Tribeca: Charlie Says (2019)
By Joe BendelMay 16, 2019
In a way, he considered himself the fifth Beatle, but he wasn’t Billy Preston or Stuart Sutcliffe, so it was a problem. According to Charles Manson’s twisted mythology, the Beatles were the four angels who came to Earth to warn humanity of all their tawdry problems and he was the fifth angel who would fix everything. If you wonder how his followers could believe such outlandish claims, remember, it was the 1960s. Crazy was in the air. At least, that is how three former Manson Family members try to explain their involvement to a sympathetic social worker in Mary Harron’s Charlie Says, currently screening in New York, following its North American premiere at this year’s Tribeca Film Festival.
As the film opens, Leslie “Lulu” Van Houten, Susan “Sadie” Atkins, and Patricia “Katie” Krenwinkel are already safely locked up with little chance of parole, but they are so upbeat about their circumstances, they must be in serious denial. Psych grad student and prison volunteer Karlene Faith would like to understand how their heads work, but she is uneasy regarding what she might find.
Soon, Harron begins her frequent flashbacks to the Manson Family ranch, starting a year before the Hollywood murders. Van Houten is an impressionable new recruit who is completely taken with Mansion, but she still has enough of her original identity and perspective to be alarmed by his regular outbursts of violence. She should know better and she has opportunities to leave, so why does she stay?
The biggest problem with Harron’s film is the lack of a compelling answer to this question. Clearly, Harron is trying to humanize Van Houten, Atkins, and Krenwinkel, but she doubles-down on the image of Manson as a creepy, Mephistophelean psychopath, which is probably wise. Yet, that makes their blind faith in the cult leader utterly baffling. Frustratingly, Charlie Says gives us little insight into the ego-obliterating inner workings of a cult and provides little explanation of how the sweaty, serpentine Manson could hold anyone in thrall.
Obviously, that is a considerable drawback. Since the film really can’t get at the Manson Family on a psychological level, the next best option would be a just-the-facts TV movie approach, but Harron’s hazy, impressionistic aesthetic nixes that too. Crille Forsberg’s sun-drenched, umber-hued cinematography gives it the vibe of a 1970s blue jeans commercial or a summer teen melodrama.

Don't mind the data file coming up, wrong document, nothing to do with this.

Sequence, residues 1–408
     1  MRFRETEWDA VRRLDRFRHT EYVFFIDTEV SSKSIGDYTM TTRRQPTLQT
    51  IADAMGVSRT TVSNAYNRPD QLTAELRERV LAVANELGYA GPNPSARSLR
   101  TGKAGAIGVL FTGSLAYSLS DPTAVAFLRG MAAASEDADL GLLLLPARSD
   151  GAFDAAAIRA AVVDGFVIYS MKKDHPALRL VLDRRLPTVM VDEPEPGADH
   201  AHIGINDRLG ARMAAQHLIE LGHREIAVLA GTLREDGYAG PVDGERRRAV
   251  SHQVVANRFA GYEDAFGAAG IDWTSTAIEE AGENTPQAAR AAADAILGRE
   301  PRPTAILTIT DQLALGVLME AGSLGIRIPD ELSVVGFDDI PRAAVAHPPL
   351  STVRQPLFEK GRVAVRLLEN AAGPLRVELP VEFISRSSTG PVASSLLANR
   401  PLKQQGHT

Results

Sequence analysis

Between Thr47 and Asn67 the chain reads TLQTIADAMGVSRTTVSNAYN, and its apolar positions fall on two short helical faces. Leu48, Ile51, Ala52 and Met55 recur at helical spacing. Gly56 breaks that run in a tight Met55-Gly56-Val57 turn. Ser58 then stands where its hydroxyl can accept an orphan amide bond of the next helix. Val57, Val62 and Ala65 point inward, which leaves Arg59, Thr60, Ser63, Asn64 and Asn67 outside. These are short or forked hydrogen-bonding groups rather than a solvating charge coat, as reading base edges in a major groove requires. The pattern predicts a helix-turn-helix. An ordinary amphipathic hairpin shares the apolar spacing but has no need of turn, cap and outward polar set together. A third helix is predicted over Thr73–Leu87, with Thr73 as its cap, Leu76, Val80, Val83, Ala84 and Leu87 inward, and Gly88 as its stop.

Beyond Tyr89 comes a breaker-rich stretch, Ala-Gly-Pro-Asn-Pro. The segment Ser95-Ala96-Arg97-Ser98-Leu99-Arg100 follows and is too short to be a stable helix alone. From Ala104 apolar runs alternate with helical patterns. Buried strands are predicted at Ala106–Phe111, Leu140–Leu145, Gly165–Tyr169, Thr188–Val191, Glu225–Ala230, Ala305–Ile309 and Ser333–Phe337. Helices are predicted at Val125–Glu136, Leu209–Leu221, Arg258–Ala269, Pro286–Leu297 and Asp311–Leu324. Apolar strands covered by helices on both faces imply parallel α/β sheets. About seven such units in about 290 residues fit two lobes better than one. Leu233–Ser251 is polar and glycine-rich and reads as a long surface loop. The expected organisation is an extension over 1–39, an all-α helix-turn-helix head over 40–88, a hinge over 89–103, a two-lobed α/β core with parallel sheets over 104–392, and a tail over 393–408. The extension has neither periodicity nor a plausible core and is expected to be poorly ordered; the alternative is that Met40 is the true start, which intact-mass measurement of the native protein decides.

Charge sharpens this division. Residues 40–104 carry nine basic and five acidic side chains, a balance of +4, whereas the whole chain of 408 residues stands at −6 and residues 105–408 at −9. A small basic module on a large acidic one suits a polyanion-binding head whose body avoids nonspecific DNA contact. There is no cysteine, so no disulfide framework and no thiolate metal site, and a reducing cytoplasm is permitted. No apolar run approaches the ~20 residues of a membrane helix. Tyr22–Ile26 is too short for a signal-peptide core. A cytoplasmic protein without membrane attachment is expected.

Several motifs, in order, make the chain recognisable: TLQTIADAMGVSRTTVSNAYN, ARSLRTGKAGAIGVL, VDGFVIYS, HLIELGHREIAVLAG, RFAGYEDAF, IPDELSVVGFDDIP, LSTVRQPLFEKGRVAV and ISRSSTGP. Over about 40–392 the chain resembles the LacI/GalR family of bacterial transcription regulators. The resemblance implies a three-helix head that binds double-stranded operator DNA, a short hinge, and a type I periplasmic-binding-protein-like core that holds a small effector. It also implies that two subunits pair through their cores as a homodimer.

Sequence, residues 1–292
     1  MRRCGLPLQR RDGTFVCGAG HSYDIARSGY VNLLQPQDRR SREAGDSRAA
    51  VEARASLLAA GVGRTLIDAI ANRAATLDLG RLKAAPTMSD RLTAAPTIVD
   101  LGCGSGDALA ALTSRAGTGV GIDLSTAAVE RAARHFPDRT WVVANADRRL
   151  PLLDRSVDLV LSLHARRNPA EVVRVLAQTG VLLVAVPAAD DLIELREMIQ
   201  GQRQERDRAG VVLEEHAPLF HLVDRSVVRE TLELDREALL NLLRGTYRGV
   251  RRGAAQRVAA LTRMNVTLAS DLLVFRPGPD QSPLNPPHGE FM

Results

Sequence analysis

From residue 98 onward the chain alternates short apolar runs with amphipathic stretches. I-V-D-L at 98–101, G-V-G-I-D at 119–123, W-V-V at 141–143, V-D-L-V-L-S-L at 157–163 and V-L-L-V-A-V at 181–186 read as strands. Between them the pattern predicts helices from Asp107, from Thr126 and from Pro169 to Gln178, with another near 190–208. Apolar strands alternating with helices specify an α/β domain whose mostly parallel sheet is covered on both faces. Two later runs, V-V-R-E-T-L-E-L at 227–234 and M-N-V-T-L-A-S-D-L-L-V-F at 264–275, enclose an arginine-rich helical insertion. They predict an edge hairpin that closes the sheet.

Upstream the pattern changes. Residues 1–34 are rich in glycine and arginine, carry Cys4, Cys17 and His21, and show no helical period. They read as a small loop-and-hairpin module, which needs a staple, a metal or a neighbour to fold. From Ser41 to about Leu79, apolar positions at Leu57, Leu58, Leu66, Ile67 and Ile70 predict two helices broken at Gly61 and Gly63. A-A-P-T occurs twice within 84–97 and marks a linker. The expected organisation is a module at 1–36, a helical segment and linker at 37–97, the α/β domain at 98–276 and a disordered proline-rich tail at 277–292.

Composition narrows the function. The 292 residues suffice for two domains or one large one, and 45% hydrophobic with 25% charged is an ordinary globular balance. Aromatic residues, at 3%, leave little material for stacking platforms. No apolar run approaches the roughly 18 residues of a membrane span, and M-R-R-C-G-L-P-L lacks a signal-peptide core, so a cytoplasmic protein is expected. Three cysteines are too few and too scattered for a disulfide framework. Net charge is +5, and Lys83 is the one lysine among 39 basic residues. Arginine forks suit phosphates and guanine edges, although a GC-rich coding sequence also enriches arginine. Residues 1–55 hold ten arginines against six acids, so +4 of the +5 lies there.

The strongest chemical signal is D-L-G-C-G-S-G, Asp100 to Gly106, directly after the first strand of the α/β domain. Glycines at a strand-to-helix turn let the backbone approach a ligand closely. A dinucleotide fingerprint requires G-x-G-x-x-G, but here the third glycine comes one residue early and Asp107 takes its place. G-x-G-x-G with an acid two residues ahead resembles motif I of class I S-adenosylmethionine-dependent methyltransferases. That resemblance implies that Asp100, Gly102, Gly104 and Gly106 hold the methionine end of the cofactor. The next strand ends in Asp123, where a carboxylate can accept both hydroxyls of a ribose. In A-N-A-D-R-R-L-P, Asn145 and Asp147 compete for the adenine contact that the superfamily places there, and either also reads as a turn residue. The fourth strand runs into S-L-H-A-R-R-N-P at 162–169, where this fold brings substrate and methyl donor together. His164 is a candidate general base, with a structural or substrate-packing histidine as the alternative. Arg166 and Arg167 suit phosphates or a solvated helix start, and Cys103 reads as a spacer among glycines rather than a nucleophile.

Still, it should be readily stipulated Doctor Who’s Matt Smith is spectacularly creepy as Manson. His sinister, simmering presence is thoroughly unnerving (and again, that creates credibility problems for nearly everyone else). However, Merritt Wever is the film’s clear standout with her totally grounded and believably conflicted portrayal of Faith. The irony of the film is it tries to reclaim the three women’s narratives after years of being overshadowed by Manson, the Satanic alpha male, but Smith and Chace Crawford (as rabidly homicidal Manson follower Tex Watson) make much stronger and more lasting impressions than Hannah Murray, Marianne Rendon, and Sosie Bacon as the brainwashed prisoners.
Up until the flashback to the murders themselves, there is very little actual violence in Charlie Says, but the vibe is consistently unsettling. Many viewers who cannot quote Vincent Bugliosi’s Helter Skelter, chapter-and-verse, might also be surprised by the virulence of Manson’s racism, which Harron depicts forthrightly. Yet, her intended takeaways remain obscure, because so many of the film’s elements are in conflict with each other. Charlie Says is never dull (due to the provocative subject matter) and Harron manages to skirt most of the potentially offensive pitfalls, but the film never coalesces into a coherent whole. Not recommended, Charlie Says is now screening in New York at the IFC Center, following its screenings as part of the 2019 Tribeca Film Festival.
*lead image courtesy of IFC Films; CHARLIE SAYS (2019)